One fine morning we arrived at the spot marked with an X on the map, bitterly disappointed to find nothing more than a plot of sugar cane and a makeshift shack To cut a long story short, after braving the surrounded by impenetrable jungle. As we deserts of Mexico, the malaria riddled swamps approached, a small boy ran into the jungle of Guatemala, the banditos of Colombia and in fear of the white ghosts. His elder brother the volcanos of Equador we finally made it emerged from the shack, machete in hand and to Machu Pichu, a year late for the mythical gave us a chunk of cane to chew on. We gave concert. An old man in a chicha bar in Cuzco them the last of our ‘sublime’chocolate and who still spoke Cechua, the language of they gave us a guided tour of the lost city of the Incas, told us in broken Spanish, of the Vilcabamba. It was all around us. So overgrown lost city of Vilcabamba on the banks of the after five hundred years it was invisible. Giant Riobamba, way downstream from Machu trees were growing out of the walls, their roots Pichu, on the very edge of the ‘civilized’ world holding everything together. Baths carved out before you enter the vast unknown of The of the rock, fed with aqueducts, were the home Amazon. For four hundred years Vilcabamba of frogs and turtles. Butterflies filled the Inca remained undetected, until 1911 when Hiram temples. Black monkeys overhead pissed on us Bingham, riding a great British wave of 19th from a great hight, screeching with mirth. Century exploration and plunder, stumbled across it. As for the inhabitants, the last of the We soon befriended the local campesinos, trading razor blades for oranges and aspirin Inca royalty, fleeing the merciless onslaught for tortillas. We heard chilling tales around the of the Conquistadors, they were swallowed campfire of the exploits of ‘Sendero Luminoso’ up by the jungle and never heard of again. the bunch of ruthless Maoist Revolutionaries To this day nobody knows their fate. The old that terrorized the country at the time. man drew us a mud-map on a napkin that Unbeknownst to us, we were travelling right explained how to get there. We had to follow through the very heart of their territory. One a road built by the Incas and still in good nick fellow emerged from the shadows to show us after five hundred years of constant use. After his prize possession; a wind up gramophone a days tramping we came across a clearing complete with the latest hit record. As he in the jungle. A cripple with a hair-lip ran wound the little handle, out came ‘Let’s get around the fields on all fours like a wild beast. physical, I wanna hear your body talk’. He beckoned us to follow him to a mud hut where his mother fed us steaming purple www.benlaycock.com.au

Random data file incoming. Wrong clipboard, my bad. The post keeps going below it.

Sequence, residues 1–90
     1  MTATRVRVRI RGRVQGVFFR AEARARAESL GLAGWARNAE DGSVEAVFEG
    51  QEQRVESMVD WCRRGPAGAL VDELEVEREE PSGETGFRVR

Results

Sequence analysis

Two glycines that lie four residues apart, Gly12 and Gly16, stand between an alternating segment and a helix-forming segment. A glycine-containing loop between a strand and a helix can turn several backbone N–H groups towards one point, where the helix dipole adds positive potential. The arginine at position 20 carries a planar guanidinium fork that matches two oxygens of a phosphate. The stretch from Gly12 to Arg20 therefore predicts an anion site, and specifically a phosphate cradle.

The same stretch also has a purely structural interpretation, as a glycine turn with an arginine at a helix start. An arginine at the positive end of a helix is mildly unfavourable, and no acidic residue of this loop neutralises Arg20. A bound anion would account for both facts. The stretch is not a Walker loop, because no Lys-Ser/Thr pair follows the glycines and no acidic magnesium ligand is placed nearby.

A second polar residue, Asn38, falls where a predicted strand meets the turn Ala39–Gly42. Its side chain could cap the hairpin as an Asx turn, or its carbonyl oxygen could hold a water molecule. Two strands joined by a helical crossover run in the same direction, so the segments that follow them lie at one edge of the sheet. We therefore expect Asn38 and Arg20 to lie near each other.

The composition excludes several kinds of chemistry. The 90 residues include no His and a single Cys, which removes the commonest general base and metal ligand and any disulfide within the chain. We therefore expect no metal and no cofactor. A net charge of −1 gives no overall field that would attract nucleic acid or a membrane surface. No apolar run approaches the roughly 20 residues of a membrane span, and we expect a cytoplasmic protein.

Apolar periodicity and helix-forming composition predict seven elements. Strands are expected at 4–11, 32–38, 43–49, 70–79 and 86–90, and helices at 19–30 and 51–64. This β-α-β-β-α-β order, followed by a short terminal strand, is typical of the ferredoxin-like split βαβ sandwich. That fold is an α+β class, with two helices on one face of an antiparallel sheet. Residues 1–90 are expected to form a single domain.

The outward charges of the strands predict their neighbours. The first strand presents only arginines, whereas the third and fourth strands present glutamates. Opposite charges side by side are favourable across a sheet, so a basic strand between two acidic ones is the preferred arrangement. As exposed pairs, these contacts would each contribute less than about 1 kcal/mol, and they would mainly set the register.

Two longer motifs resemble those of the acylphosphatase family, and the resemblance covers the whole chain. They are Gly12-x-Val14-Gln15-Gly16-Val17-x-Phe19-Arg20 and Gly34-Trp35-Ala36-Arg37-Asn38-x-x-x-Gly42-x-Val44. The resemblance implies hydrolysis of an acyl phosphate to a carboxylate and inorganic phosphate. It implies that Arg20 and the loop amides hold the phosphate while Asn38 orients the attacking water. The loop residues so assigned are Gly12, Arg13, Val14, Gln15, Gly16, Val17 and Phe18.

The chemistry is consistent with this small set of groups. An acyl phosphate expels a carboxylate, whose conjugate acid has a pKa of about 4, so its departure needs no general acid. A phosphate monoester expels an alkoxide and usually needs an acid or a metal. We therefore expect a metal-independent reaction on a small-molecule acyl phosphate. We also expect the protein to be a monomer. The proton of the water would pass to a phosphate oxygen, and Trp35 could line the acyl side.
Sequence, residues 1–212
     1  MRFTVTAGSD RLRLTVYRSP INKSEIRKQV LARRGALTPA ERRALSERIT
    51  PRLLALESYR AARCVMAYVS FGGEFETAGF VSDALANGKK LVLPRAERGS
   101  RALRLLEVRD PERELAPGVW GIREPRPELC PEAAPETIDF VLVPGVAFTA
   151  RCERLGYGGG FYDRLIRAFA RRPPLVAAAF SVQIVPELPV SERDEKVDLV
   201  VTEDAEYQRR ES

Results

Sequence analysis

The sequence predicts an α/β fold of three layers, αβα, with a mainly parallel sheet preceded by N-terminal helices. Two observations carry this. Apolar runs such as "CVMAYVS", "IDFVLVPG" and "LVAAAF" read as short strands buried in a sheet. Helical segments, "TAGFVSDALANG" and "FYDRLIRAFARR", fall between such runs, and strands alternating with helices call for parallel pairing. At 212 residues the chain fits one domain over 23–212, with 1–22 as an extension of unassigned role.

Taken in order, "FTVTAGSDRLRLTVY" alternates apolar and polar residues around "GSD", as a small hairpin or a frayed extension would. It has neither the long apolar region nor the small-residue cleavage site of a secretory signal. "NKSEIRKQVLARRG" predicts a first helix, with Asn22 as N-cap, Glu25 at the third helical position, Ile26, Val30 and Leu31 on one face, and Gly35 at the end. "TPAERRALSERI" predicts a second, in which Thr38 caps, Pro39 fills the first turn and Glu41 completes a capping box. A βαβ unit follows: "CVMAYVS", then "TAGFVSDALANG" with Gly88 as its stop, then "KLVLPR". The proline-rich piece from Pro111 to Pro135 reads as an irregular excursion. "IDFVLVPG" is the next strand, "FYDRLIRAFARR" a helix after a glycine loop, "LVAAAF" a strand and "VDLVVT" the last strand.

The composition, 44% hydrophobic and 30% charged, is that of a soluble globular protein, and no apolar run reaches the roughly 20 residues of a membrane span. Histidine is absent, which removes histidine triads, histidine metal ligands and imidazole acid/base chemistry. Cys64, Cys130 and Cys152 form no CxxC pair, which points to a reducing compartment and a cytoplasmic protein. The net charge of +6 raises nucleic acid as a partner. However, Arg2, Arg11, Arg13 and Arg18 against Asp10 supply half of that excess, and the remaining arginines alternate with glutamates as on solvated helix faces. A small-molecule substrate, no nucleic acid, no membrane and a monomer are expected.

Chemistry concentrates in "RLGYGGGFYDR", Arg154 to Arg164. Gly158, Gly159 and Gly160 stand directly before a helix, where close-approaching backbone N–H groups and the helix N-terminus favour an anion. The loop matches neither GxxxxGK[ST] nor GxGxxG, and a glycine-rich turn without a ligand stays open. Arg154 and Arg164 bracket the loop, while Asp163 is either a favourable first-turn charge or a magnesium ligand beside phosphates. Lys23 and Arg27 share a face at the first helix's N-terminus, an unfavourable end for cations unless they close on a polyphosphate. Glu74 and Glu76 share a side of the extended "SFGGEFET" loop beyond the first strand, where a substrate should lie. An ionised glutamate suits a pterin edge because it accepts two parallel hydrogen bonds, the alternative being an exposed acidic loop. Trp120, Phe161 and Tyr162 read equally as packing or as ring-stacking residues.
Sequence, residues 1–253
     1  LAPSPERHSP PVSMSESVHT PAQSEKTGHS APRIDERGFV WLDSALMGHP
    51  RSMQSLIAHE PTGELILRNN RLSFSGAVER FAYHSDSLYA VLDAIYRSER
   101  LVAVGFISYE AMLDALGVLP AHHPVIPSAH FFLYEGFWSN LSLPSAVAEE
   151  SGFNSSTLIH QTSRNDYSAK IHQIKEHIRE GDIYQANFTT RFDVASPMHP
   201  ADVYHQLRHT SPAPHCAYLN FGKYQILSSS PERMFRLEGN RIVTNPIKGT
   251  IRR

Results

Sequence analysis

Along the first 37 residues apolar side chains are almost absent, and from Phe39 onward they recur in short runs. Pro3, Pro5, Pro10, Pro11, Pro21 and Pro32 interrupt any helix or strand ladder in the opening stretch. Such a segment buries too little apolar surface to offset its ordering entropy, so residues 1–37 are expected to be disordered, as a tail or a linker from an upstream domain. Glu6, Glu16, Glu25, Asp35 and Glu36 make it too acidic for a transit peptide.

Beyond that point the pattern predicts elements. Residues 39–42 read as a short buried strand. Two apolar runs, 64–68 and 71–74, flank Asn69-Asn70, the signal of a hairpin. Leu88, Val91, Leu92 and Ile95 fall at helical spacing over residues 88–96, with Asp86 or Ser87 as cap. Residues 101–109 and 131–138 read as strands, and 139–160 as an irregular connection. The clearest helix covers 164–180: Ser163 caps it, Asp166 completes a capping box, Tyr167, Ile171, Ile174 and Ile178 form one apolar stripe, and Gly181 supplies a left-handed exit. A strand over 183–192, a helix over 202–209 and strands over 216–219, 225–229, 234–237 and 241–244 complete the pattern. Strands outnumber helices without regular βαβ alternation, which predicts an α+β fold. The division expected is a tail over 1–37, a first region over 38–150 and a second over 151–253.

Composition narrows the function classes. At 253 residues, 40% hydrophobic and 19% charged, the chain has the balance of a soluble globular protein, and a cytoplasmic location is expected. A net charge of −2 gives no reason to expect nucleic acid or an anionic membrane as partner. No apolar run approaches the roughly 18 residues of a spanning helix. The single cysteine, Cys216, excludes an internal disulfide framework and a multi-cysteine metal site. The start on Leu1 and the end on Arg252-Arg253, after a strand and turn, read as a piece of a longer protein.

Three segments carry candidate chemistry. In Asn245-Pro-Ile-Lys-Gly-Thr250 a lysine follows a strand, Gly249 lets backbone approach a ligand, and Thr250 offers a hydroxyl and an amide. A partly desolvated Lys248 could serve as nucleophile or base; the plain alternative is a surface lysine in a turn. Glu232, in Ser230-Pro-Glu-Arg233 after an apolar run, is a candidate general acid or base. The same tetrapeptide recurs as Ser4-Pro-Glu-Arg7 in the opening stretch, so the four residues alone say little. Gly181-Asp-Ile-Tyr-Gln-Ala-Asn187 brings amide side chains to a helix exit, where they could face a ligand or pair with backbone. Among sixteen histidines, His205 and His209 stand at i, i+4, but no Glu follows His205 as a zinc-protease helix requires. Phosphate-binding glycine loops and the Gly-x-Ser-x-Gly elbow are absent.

your art life online
the blue mountains • The Blue Mountains Botanic Garden An exhibition of marble and wood sculptures that reveal the metamorphosis of the Blue Mountains Botanic Garden through the seasons opens at the garden on 31 March. Metamorphoo, an exhibition of works by local sculptor TONY LENNON, is based on the changes that take place in the natural world. Metamorphoo, the Greek word for metamorphosis, explores transformations – in the natural world and in folklore where people turn into plants and stones become people. The Blue Mountains Botanic Garden, Mount Tomah NSW 2758; www.rbgsyd.nsw.gov.au
canberra • National Gallery of Australia Eugene von Guérard: Nature revealed, opening 27 April 2012. EUGENE VON GUÉRARD is arguably Australia’s most important colonial landscape painter. The exhibition features over 150 works, including many of von Guérard’s beloved iconic landscapes, as well as beautifully illustrated sketch books, and never-before-seen paintings. unDisclosed 2nd National Indigenous Art Triennial, opening 11 May 2012. From May 2012, the National Gallery will celebrate the second National Indigenous Art Triennial. Gallery visitors will have the opportunity to experience the dynamic visual expression of contemporary Aboriginal and Torres Strait Islander art. From across the country, 20 Aboriginal and Torres Strait Islander artists have been selected to represent Indigenous arts today. Open daily 10am - 5pm. Parkes Place, Parkes, Canberra 2600. T: (02) 6240 6411, www.nga.gov.au • PhotoAccess Huw Davies Gallery 5 to 29 April KERRY BAYLOR: Saturday Morning Water; ALISON SPENCE: Milkshakes and Mixed Lollies. PhotoAccess Huw Davies Gallery, Manuka Arts Centre, Manuka Circle Griffith ACT. Tuesday to Friday 10am to 4pm, weekends 12 noon to 4pm. T: (03) 6295 7810; www.photoaccess.org.au Image: Kerry Baylor.
NSW / ACT
cowra • Cowra Regional Art Gallery See our website for this month’s exhibitions. 77 Darling Street Cowra NSW 2794. Tues to Sat 10am - 4pm, Sun 2 - 4pm. Free Admission. www.cowraartgallery.com.au
sydney • Art Gallery of New South Wales Until 3 June Archibald, Wynne and Sulman Prizes 2012. Until 22 April ArtExpress 2012. Art Gallery Road, The Domain, Sydney NSW 2000. T: (02) 9225 1744, www.artgallery.nsw.gov.au
• The Cardshow Fifty-eight artists: one deck of cards. 12 April – 12 May. Opening night 12 April, 6-8pm. Mori Gallery, 168 Day Street Sydney. Exhibition opening night extravaganza and silent auction of original cardworks to raise money for the Muckaty anti-nuclear waste dump campaign. Artists featured: REG MOMBASSA, SUSAN NORRIE, SIMON YATES. Decks of cards for $20. Opening hours Wed-Sun 11am-6pm. Come along to The Cardshow! Image: L.Rigozzi/M.SinclairFerguson/J.Zaag - www.thecardshow.org